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President Joe Biden on Thursday said there will be food shortages around the globe because of Vladimir Putin‘s invasion of Ukraine.

‘It’s going to be real,’ he said. ‘Because both Russia and Ukraine have been the breadbasket of Europe in terms of wheat, for example.’

Food security, along with general humanitarian assistance, was one of the main topics of conversation in Biden’s trifecta of emergency meetings with NATO leaders, the European Union, and the G7. The summits were called to deal with the invasion of the Ukraine.

‘We are in the process of working out with our European friends, what it would be what it would take to help alleviate the concerns relative to food shortages. We also talked about a significant major US investment among others in terms of providing for the need for humanitarian assistance, including food as we move forward,’ he said. 

Ukraine is a heavily agricultural country with winter wheat, spring barley, and corn as some of its main crops. 

The United States, through the Feed the Future initiative, will provide over $11 billion over the next five years to address food security threats and malnutrition across the globe – with programming in many of the countries vulnerable to increases in food and fertilizer prices. 

A senior administration told reporters in a briefing on Thursday that Russia’s invasion ‘jeopardizes global food security, particularly for vulnerable populations in the Middle East and Africa’ as farms are being destroyed.

President Joe Biden said there will be food shortages around the globe because of Vladimir Putin's invasion of Ukraine

President Joe Biden said there will be food shortages around the globe because of Vladimir Putin's invasion of Ukraine

President Joe Biden said there will be food shortages around the globe because of Vladimir Putin’s invasion of Ukraine

Grain silos reportedly hit by a Russian attack in Uman, Ukraine

Grain silos reportedly hit by a Russian attack in Uman, Ukraine

Grain silos reportedly hit by a Russian attack in Uman, Ukraine

The United Nations International Fund for Agricultural Development (IFAD) warned on Thursday the war in Ukraine is already resulting in rising food prices and a shortage of staple crops in parts of central Asia, the Middle East and north Africa.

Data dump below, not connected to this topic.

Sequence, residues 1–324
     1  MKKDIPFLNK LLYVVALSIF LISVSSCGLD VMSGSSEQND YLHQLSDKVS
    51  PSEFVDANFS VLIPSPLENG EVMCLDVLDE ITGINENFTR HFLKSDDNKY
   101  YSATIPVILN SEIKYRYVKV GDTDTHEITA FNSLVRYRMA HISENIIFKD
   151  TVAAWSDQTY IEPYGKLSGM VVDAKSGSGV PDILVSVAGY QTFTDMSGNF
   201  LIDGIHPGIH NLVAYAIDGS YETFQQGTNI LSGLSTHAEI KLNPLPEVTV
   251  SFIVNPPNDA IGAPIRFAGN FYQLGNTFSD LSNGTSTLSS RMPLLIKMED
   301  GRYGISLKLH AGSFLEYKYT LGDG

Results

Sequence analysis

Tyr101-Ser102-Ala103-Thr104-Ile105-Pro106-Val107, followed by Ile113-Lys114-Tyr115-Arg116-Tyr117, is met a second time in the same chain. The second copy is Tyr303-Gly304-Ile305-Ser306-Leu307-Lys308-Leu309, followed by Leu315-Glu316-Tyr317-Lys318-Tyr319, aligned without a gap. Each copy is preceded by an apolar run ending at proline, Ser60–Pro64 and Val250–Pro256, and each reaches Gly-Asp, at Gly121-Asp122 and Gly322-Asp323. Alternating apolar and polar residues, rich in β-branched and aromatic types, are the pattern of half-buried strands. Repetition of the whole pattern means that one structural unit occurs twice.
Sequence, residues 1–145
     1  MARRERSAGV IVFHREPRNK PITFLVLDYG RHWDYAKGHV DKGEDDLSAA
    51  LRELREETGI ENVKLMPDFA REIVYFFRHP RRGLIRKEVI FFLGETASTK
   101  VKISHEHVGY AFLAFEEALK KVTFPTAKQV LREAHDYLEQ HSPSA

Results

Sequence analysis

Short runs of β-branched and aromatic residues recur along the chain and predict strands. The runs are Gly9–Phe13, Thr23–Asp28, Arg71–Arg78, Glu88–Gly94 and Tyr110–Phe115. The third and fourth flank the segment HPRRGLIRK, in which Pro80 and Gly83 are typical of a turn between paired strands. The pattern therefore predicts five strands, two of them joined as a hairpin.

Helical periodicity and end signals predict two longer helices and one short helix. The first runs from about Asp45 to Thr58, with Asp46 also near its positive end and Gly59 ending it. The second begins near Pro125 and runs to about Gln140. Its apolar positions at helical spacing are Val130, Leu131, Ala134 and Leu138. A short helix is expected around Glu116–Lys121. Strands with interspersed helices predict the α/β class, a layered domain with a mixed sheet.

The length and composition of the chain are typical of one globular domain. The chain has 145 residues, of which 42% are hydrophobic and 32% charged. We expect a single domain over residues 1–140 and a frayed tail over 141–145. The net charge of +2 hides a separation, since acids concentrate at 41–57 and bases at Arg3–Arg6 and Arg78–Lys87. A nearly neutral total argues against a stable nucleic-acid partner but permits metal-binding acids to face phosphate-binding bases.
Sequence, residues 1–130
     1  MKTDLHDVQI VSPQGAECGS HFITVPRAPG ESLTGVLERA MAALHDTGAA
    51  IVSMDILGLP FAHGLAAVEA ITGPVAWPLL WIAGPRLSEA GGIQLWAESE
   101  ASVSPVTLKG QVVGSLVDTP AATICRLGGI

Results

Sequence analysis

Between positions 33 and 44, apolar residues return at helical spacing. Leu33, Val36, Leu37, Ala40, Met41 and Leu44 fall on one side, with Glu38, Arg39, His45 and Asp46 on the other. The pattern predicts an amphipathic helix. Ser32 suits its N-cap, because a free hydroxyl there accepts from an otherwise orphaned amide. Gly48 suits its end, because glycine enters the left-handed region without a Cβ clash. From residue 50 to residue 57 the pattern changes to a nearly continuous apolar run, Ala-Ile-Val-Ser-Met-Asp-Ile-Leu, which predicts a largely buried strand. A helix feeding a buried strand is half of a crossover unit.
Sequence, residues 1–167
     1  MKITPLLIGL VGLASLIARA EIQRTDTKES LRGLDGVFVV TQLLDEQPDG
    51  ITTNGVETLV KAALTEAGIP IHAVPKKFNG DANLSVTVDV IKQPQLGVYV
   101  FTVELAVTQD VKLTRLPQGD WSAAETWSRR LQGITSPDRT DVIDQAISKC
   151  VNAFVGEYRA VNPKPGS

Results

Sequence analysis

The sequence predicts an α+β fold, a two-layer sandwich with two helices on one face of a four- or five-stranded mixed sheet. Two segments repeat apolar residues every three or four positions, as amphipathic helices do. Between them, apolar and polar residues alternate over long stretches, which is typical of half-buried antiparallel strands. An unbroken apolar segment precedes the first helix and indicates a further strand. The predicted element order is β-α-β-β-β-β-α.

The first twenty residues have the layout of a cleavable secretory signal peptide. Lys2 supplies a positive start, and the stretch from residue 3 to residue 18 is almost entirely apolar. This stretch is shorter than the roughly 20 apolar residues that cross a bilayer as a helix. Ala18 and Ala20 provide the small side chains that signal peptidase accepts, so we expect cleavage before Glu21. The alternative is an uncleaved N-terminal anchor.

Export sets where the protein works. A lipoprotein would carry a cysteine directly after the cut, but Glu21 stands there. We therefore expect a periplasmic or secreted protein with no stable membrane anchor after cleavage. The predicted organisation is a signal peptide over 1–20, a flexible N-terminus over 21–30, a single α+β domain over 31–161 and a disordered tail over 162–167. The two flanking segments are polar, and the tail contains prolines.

The Russian invasion of Ukraine  has cut shipments from the two countries, which jointly account for around 25% of world wheat exports and 16% of world corn exports, leading to surging prices for the grains on international markets. 

Russia is also one of the world’s largest suppliers of fertiliser – prices of which had already spiked last year, contributing to a 30% increase in world food prices and a related increase in global hunger levels. 

The European Union on Wednesday proposed an aid package of $549 million to help food producers in the 27-nation bloc weather the economic impact of the war in Ukraine. 

While the EU does not face an immediate food shortage, the region is a net importer of specific commodities, including feed crops from Ukraine. And European farmers are highly dependent on Russian fertilizers to grow their crops.

‘This vulnerability, together with high input costs, such as fertilizers and fossil energy, is causing production challenges for farmers and risks driving up food prices,’ the commission said in its proposal.

The food aid is part of larger humanitarian assistance plan the Biden administration proposed for fallout from the Ukraine invasion.

That includes that the United States will accept up 100,000 refugees fleeing the war in the Ukraine, the Biden administration announced on Thursday. 

It’s meant to help ease the humantarian criss taking place in Eastern Europe, where nearly 3.5 million Ukrainians have fled their bombarded country in one of the biggest refugee crisises since World War II.

Refugees have flooded into Europe and some have even made their way to the southern border of the United States, trying to enter the country that way. 

In addition to welcoming more of the displaced, the Biden administration also announced more than $1 billion in new funding toward humanitarian assistance.

The funding will provide food, shelter, clean water, medical supplies and other forms of assistance, according to the White House.

Ukrainians fleeing the Russian invasion of their homeland wait for an U.S. Customs and Border Protection agent before passing through a checkpoint to enter the United States in Tijuana, Mexico

Ukrainians fleeing the Russian invasion of their homeland wait for an U.S. Customs and Border Protection agent before passing through a checkpoint to enter the United States in Tijuana, Mexico

Ukrainians fleeing the Russian invasion of their homeland wait for an U.S. Customs and Border Protection agent before passing through a checkpoint to enter the United States in Tijuana, Mexico